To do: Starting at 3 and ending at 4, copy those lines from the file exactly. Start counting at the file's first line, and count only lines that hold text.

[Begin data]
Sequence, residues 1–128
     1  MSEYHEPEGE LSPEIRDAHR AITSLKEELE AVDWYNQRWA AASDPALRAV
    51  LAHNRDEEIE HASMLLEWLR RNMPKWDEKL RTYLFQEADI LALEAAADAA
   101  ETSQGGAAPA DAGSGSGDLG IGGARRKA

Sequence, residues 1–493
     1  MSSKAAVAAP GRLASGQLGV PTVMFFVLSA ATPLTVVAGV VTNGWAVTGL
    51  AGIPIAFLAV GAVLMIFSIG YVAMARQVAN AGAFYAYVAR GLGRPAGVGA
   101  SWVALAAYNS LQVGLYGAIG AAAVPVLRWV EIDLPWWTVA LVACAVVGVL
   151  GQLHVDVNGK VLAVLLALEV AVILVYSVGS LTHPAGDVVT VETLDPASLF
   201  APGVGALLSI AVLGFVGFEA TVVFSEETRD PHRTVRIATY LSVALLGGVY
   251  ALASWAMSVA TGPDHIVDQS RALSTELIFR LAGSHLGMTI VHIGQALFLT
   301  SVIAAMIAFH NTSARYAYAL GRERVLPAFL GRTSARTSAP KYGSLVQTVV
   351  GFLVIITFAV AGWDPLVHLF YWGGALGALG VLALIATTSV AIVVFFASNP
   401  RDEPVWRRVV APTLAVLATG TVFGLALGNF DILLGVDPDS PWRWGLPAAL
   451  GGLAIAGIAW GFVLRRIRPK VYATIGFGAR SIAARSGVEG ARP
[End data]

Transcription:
    51  LAHNRDEEIE HASMLLEWLR RNMPKWDEKL RTYLFQEADI LALEAAADAA
   101  ETSQGGAAPA DAGSGSGDLG IGGARRKA